GALLOWAY, John Herbert “Jock”

John Herbert “Jock” Galloway
22nd January 1940 – 27th July 2021
It is with heavy hearts that we announce the passing of Jock on July 27th, 2021, in his 82nd year. Born in Stranraer, Scotland on January 22nd, 1940. Jock was the second child of James Lloyd Galloway and Hylda Mary Galloway (nee Dixon, both deceased). He is predeceased by his elder brother Donald James Galloway (Janet). Survived by his younger brother Alexander Lloyd Galloway (Denise), and by his younger sister Mary MacCrimmon Galloway (Manfred). Sadly, missed by nephews Steven Galloway (Marianne), Tom Galloway (Tracy), Sebastian Galloway; great nieces Zoe, Riley, Lenore Rose and great nephews Archer and Declan.
During the War years (1942-1945) Jock and the Galloway family moved several times in England until his father was posted to Berlin (British Sector), 1946 – 1949. Jock moved back to England (Bushey), 1949. Until once again the family moved, this time to Geneva Switzerland where Jock attended Ecolint, The International School of Geneva, 1952 – 1955. Returning to England (Eastbourne) in 1955, Jock attended Eastbourne Grammar School earning his “O” levels and was awarded the Caffyn prize for English and the Hartington prize for top boy. In 1956 Jock and the family emigrated to Canada where Jock attended McGill University in Montreal. Jock graduated with First Class Honours BA in Geography in 1960 and was one of five students awarded the Woodrow Wilson Fellowship that allowed Jock to attend the University of California, Berkley, where he earned his MA in 1961. In 1964, Jock began an early association with the University of Toronto as a lecturer with the Department of Geography. He completed his education with a PhD from the University of London 1965. He then became Assistant Professor, 1965 – 1970, Associate Professor 1970 – 1977 and then Professor 1977 – 2005, Department of Geography at U of T. He was awarded the Guggenheim Fellowship in 1970. He was a member of both the Canada Council Leave Fellowship; Visiting Fellow, Emanuel College Cambridge, 1977 – 1978. His primary area of research was the historical geography of Brazil and the Caribbean, and historical geography of the sugar cane industry. Jock was Fellow, Victoria College U of T, 1986 – 2005. He served as editor of the Canadian Geographer and sat on the editorial board of the Journal of Historical Geography. He won the 1999 Outstanding Teaching Award in the Faculty of Arts and Science, and the 2002 Award for Scholarly Distinction in Geography from the Canadian Association of Geographers. On July 1, 2005 Jock was awarded the honour of Professor Emeritus of Victoria University, U of T. During his forty years of academic life at U of T Jock supervised many successful graduate students. He made a point of keeping up with them, often during his travels. Jock’s education, teaching, research and publishing activity was focused primarily on research and writing on various historical subjects of the sugar industry including the role played by the railway in the staple’s transportation and trade. Also included was research on the Department of Geography at U of T and research and memorials on Bill Birch. As well as writings produced as part his post-graduate studies focused on the plantation economy of Barbados and the historical geography of Pernambuco, Brazil. His book The Sugar Cane Industry: An Historical Geography from its origins to 1914 was published in 1989. Jock retired from U of T in 2005 but continued to work on the 2nd edition of his research “Sugar II”. Jock’s expertise in the sugar industry was world-recognized, to the extent that set designers of the Pirates of the Caribbean films sought information on the correct design of an 18th century Caribbean sugar mill.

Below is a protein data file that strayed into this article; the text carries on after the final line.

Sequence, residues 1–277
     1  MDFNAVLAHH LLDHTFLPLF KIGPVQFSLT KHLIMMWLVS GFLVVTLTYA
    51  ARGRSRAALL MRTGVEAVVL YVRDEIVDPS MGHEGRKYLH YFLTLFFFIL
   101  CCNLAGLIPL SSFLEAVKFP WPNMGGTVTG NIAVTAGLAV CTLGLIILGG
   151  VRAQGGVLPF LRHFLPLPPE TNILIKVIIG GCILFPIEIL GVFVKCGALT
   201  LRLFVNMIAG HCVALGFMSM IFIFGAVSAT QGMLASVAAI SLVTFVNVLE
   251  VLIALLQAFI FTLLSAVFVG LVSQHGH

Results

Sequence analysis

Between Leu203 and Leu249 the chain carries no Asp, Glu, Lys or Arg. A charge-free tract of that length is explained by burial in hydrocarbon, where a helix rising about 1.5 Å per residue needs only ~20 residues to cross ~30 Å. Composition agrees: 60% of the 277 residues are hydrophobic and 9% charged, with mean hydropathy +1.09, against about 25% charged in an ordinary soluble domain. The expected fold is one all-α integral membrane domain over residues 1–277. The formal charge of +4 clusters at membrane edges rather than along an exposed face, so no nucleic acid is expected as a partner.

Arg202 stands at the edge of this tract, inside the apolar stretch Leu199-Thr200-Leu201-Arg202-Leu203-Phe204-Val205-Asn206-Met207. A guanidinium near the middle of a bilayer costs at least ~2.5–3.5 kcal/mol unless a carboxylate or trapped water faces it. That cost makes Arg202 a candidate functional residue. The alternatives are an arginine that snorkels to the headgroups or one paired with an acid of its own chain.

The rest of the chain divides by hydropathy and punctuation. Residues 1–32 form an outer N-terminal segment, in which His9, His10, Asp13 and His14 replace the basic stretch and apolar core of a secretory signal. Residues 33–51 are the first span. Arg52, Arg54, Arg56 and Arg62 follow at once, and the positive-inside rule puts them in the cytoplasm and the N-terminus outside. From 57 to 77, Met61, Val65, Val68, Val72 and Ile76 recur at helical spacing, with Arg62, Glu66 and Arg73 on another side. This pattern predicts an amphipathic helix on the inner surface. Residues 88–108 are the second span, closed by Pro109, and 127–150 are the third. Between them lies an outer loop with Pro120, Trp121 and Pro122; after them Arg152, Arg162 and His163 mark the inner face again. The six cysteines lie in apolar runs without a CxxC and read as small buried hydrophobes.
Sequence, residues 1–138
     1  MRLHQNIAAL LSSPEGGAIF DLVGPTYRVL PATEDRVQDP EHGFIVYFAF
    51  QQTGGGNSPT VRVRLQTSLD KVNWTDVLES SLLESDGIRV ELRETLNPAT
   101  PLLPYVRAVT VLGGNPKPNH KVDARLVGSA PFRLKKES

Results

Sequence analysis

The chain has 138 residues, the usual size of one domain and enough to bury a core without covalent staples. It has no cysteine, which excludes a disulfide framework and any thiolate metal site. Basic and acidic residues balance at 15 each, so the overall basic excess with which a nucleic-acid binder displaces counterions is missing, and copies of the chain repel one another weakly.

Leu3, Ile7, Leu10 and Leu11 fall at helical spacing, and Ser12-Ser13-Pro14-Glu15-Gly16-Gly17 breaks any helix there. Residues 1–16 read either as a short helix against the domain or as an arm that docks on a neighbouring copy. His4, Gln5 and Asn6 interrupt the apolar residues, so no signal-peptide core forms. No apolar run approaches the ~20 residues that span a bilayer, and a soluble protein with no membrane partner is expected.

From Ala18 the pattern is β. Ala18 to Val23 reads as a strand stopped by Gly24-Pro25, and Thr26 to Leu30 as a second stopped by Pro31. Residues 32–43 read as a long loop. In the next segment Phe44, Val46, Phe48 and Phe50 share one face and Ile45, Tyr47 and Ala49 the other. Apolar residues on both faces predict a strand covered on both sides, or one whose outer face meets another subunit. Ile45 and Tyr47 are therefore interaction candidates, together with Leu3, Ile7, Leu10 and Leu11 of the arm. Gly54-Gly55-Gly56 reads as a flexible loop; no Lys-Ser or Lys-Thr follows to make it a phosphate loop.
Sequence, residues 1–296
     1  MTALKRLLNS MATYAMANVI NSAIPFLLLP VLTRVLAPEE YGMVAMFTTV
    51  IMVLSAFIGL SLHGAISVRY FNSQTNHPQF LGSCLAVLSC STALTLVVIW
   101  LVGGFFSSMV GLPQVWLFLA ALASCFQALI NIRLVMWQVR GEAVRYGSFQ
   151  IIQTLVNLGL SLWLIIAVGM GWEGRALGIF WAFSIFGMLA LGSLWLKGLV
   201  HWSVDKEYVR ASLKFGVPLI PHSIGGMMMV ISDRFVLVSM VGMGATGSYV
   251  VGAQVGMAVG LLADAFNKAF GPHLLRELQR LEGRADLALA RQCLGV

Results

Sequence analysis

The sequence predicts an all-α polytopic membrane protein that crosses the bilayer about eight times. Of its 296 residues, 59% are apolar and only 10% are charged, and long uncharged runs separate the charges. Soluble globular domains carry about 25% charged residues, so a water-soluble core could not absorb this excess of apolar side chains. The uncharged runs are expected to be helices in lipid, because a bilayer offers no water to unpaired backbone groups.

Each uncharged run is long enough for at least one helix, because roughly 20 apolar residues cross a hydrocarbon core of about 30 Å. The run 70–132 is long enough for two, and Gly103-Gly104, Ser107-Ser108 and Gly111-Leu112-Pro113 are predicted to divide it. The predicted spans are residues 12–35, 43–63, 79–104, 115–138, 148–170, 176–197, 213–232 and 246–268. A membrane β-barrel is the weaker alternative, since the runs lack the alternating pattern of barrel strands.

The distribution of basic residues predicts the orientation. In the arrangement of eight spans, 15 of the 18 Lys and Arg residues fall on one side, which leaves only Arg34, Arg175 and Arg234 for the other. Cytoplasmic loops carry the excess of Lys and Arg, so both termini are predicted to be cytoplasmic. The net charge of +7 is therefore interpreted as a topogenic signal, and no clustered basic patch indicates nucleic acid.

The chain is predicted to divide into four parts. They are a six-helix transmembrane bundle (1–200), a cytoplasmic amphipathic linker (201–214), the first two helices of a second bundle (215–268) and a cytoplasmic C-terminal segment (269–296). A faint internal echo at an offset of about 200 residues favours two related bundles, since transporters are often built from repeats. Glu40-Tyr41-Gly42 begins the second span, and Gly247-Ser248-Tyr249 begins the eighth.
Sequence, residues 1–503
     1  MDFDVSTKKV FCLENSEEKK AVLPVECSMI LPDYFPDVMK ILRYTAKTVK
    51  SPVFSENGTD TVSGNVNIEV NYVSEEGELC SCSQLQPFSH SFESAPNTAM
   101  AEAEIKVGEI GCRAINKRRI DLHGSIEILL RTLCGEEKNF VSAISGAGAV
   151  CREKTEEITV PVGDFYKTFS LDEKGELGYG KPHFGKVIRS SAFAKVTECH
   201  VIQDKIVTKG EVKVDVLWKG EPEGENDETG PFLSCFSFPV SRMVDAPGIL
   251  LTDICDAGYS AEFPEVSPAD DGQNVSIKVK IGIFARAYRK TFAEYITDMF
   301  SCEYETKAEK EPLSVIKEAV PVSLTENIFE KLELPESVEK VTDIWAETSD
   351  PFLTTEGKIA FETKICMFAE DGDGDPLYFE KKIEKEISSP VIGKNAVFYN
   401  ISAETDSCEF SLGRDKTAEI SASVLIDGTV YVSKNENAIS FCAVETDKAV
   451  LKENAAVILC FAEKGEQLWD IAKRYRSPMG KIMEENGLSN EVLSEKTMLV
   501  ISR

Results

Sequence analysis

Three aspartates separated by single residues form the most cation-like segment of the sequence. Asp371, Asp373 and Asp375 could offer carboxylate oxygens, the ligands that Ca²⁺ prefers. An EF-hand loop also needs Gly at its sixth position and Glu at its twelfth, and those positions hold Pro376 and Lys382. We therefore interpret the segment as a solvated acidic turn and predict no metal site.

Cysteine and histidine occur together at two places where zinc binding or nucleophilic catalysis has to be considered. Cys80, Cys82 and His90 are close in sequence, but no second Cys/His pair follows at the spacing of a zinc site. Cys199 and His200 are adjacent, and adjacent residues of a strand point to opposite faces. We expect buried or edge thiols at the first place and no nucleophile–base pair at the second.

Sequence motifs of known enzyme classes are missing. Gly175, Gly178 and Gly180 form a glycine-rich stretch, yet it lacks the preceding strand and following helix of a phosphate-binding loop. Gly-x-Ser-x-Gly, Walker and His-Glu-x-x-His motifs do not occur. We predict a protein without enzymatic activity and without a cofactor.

Both before and after retirement Jock travelled the world, attending geographical conferences speaking on his expertise in the sugar industry. He also travelled widely to explore countries new to him for personal pleasure, enjoying culture, food, and indulging in skiing and birding. A very important part of Jock’s life were his family and friends. He was always connected with them, until his health declined. Having lived with Alzheimer’s Disease for 14 years, Jock lost the battle at Moira Place Long Term Care Home in Tweed, Ontario. The day before he died, during a moment of clarity, when asked by family how he felt, he uttered “Marvellous.” The family would like to extend their sincere gratitude to Dr. Mustard, and all staff in the Mulberry and Heritage wings at Moira Place Long Term Care Home, Tweed. Jock was very happy and comfortable while there. We would also like to thank Jock’s friends for the support and kindness over the years. In keeping with Jock’s wishes cremation has taken place. There will be no visitation or funeral per his wishes. Memorial donations can be made in Jock’s honour to the Alzheimer Society. Condolences can be made to Jock’s Memory Wall at: 4678106/obituary.php